While Andy’s former toys have adapted quite nicely into being part of Bonnie’s playtime, things aren’t going so well for Woody (Tom Hanks) as he hasn’t been played with in a while and his role as leader has been diminished, but he takes it upon himself to accompany Bonnie to kindergarden orientation where he witnesses her create a new toy made out of a spork, the newly dubbed “Forky” (Tony Hale) instantly becoming Bonnie’s favourite toy and best friend. But Forky is unwilling to accept his role as a toy and while on a roadtrip journey to a fairground, he jumps out a window, which leads Woody to try and save him, utterly determined to bring him back to Bonnie, and in so doing, both Woody and Forky find themselves in an antique shop where residents include Woody’s old flame Bo Peep (Annie Potts), who has given up on the idea of being owned by a kid, motorcycle stuntman Duke Caboom (Keanu Reeves), and sinister doll Gabby Gabby (Christina Hendricks), who has her sights set on Woody’s voice box so that she can be “complete” and finally taken home by a child.
When news first came around that there would be a fourth Toy Story film, I, as well as many others, I’m sure, immediately thought that it was actually a bad idea because Toy Story 3 ended so brilliantly, closing the trilogy quite beautifully, and a further film seemed like a case of Pixar just wanting to make more money, break box office records and pretty much continue to dominate the world of animation by carrying on stories that have worked so well in the past.
But, cynicism aside, Pixar have also successfully delivered the goods by giving us emotional, top tier gems like Coco, Inside Out and Up, as well as the mighty Toy Story saga itself, so there was also reason to believe that this new chapter could actually work – that the fourth part could stand up tall alongside its three predecessors. Because Pixar aren’t generally in the habit of making duds, right?
Well, having now seen Toy Story 4, I can reveal that, whilst it’s certainly not a bad film by any stretch of the imagination and it sure does have its heart in the right place, it’s relatively unimpressive when compared to the other excellent films in the series and though Pixar often make spectacular, groundbreaking, imaginative and memorable films, this one can only be described as “pretty good”.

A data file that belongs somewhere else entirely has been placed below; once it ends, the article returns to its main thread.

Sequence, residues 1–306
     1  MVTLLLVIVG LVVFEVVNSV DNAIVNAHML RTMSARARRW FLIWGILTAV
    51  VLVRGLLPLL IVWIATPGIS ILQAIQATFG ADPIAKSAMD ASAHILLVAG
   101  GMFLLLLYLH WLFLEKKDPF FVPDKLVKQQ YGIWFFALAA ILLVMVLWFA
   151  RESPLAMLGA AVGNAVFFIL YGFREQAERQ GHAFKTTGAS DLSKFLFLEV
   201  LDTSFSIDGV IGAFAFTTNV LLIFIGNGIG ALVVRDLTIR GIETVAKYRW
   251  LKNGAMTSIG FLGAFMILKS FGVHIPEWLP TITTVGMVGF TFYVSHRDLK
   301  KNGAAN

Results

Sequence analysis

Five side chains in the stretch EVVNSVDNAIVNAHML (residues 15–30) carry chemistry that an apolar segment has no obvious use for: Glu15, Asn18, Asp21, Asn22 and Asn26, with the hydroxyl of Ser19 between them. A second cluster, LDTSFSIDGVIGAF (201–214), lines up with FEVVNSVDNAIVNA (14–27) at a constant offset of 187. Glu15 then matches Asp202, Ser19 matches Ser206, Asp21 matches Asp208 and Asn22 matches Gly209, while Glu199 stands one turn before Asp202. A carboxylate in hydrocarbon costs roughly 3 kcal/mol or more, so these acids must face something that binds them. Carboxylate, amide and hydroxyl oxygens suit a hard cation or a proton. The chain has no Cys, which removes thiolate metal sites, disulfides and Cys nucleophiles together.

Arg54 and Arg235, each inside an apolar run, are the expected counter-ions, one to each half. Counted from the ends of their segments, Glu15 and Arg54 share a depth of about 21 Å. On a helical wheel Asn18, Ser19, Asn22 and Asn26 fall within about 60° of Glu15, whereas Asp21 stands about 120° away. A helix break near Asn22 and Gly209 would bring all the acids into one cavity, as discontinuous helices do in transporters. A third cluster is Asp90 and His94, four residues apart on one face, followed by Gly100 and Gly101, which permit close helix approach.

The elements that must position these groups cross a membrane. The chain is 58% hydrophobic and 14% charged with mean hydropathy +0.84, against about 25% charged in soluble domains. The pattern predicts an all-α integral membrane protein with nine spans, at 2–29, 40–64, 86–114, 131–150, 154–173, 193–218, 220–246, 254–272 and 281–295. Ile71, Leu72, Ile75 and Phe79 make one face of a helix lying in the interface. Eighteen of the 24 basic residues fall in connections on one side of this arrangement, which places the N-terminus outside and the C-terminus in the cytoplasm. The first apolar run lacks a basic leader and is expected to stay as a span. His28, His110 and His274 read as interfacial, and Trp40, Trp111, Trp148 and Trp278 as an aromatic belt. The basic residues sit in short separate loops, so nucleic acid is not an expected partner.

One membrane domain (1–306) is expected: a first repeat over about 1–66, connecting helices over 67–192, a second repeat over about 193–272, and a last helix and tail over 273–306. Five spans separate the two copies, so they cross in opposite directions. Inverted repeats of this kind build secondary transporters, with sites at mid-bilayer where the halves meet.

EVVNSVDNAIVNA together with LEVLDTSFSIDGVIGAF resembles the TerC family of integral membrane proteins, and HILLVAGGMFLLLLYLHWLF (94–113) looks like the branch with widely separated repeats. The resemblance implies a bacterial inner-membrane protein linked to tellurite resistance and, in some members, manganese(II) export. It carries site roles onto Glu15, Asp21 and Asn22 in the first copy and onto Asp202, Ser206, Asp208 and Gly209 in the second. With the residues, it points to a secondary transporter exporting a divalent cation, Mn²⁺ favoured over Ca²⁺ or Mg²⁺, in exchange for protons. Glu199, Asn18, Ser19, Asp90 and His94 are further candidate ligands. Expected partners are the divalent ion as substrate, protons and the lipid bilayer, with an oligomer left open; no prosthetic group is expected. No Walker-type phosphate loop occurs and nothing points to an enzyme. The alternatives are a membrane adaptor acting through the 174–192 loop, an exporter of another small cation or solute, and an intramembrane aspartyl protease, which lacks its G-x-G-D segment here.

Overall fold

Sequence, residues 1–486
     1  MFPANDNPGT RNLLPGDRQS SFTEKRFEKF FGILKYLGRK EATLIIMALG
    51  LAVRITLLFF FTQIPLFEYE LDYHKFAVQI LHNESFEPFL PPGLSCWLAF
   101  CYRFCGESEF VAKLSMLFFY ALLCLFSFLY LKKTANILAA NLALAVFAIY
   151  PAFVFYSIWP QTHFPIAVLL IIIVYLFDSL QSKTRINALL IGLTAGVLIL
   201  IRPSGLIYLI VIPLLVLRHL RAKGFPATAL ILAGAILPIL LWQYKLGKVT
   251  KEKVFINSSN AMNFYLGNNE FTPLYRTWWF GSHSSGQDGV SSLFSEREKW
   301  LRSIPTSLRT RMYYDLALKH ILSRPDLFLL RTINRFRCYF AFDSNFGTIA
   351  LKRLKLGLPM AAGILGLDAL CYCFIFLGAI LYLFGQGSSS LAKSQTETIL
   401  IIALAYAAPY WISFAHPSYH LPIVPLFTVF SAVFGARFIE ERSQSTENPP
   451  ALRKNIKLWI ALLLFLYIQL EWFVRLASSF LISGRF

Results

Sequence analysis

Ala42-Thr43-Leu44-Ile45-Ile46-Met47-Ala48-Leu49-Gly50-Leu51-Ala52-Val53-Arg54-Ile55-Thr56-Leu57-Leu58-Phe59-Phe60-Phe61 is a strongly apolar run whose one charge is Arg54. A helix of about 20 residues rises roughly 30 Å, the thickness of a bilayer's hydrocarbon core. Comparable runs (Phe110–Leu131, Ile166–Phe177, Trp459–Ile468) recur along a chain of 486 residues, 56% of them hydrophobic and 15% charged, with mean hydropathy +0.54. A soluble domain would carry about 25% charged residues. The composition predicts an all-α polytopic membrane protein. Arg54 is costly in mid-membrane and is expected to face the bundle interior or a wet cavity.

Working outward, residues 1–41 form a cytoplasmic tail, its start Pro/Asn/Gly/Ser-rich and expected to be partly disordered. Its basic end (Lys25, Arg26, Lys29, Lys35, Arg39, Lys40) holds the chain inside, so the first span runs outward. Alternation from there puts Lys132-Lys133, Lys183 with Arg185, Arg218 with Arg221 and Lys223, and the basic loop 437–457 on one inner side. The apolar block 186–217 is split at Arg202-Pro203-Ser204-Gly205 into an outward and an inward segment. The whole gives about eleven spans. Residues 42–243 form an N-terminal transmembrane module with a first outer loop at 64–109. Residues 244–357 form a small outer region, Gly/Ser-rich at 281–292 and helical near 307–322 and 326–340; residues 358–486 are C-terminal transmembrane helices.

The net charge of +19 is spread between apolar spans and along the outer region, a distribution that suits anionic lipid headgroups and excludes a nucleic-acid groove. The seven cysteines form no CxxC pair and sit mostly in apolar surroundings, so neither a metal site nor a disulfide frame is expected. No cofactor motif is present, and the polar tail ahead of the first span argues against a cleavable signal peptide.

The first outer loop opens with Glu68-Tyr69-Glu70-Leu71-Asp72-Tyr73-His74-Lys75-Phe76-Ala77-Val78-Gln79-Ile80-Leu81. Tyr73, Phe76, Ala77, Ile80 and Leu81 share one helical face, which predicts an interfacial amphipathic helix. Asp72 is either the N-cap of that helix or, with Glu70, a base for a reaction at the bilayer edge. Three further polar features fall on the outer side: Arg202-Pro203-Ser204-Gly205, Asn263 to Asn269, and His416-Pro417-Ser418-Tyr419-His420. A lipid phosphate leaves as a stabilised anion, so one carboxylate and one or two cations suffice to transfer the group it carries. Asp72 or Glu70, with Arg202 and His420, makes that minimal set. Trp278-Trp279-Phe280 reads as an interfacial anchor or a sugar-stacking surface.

But starting off with the positives, the film undeniably looks impressive and the animation is as sleek and as accomplished as you’d expect from Pixar by now; beginning the film by showing off an incredibly realistic scene that takes place in a bad thunderstorm, impressively animated water and all, the film goes on to use long, sweeping shots that show off a directorial flair (and, again, loads of showing off of their animation mastery) and the locations we see are expansive, colourful, brilliantly rendered and when seen on the biggest screen possible, in the H-est of D-s, the animation and scenery will surely amaze and demonstrate just how far animation has come. I wish I could say more about it, wax a little more lyrical, but at this point, flawless animation is par for the course when it comes to Pixar and spectacular animation just comes as standard!
And despite some story problems (which I’ll get into a bit later), Toy Story 4 gives Woody a meaningful and thematically mature character journey and above all else, this film is about his determination to find purpose and value in his life by making it his mission to make his owner happy, no matter what the cost; it’s always apparent that he’s afraid of being useless in the new environment and changing world he finds himself in and he desperately clings on to the mantle of “leader” because that’s all he has and it appears that he’s in denial about the fact that his help isn’t really needed any more. Woody’s character development is the strongest part of the story and it once again demonstrates Pixar’s skill of being able to inject mature themes and relatable human behaviour into their films, to make sure that their movies are ideally suited to both kids and adults. The overall story is also decent with a fun adventure at the heart and Toy Story 4 will surely provide enough entertainment for many moviegoing families.